Which kinds of bicycles are popular in Japan?The most common two-wheeler category among Japanese cyclists was the so called mamachari, a general utility bicycle, often equipped with a basket and up to two child seats. As of 2019, e-bikes were the third most popular bicycle type, with around 10 percent of bicycle buyers in Japan opting for pedal electric assist cycles (pedelecs).
Pedelecs attract many elderly consumers, who benefit from having to use less physical strength to navigate their daily life on a bicycle. Sales figures for e-bikes in Japan have kept growing over the past years, reflecting an ongoing demand not only among elderly consumers, but a more general target group.
While Japan’s overall production volume of bicycles displayed a downward trend in recent years, bicycle imports have offset this decline: With the increase in bikes for domestic use since 2019, it seems that cycling has re-gained popularity among Japanese consumers.
Another factor contributing to a rising demand in bicycles can be traced back to the emerging transportation sharing market in Japan. In recent years, a growing number of Japanese cities have started to offer bicycle sharing services, making alternative and budget friendly mobility options more accessible to a wide audience.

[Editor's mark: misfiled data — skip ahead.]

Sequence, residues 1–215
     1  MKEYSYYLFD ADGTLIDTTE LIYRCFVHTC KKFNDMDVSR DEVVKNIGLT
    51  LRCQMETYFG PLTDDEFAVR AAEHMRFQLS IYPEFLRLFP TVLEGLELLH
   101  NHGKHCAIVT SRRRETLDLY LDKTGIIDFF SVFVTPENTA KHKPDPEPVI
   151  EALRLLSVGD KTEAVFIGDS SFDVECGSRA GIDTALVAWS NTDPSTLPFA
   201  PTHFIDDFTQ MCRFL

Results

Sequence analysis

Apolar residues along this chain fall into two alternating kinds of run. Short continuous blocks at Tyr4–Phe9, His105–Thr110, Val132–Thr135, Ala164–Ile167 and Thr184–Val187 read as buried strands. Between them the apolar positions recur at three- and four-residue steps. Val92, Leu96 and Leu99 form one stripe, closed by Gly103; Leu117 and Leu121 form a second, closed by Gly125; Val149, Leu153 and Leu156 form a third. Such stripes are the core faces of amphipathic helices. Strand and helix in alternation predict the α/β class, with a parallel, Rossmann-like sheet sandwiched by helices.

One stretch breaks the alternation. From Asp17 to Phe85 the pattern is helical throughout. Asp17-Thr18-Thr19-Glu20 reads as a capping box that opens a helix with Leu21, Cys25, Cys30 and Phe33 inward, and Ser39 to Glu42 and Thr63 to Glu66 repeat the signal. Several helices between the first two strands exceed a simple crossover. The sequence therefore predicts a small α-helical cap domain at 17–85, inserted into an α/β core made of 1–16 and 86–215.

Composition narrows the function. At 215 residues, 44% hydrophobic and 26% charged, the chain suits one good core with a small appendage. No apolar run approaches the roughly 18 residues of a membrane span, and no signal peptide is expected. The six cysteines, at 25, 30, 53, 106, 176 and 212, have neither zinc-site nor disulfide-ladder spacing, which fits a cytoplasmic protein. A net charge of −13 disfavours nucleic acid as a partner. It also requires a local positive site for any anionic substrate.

Safety is a major concernWith an increased availability of bicycle riding options, safety has become a vital issue. More than 60 percent of Japanese cyclists claimed to have experienced near misses while riding a bike. The majority of bicycle accidents in Japan were caused by road users being negligent towards the traffic situation. However, the overall number of accidents involving bicycles decreased from more than 144 thousand in 2011 to approximately 68 thousand cases in 2020.
While the use of helmets is optional in Japan, the country does have a nationwide mandatory registration process for bicycles in place, with local governments progressively enforcing compulsory liability insurances for cyclists.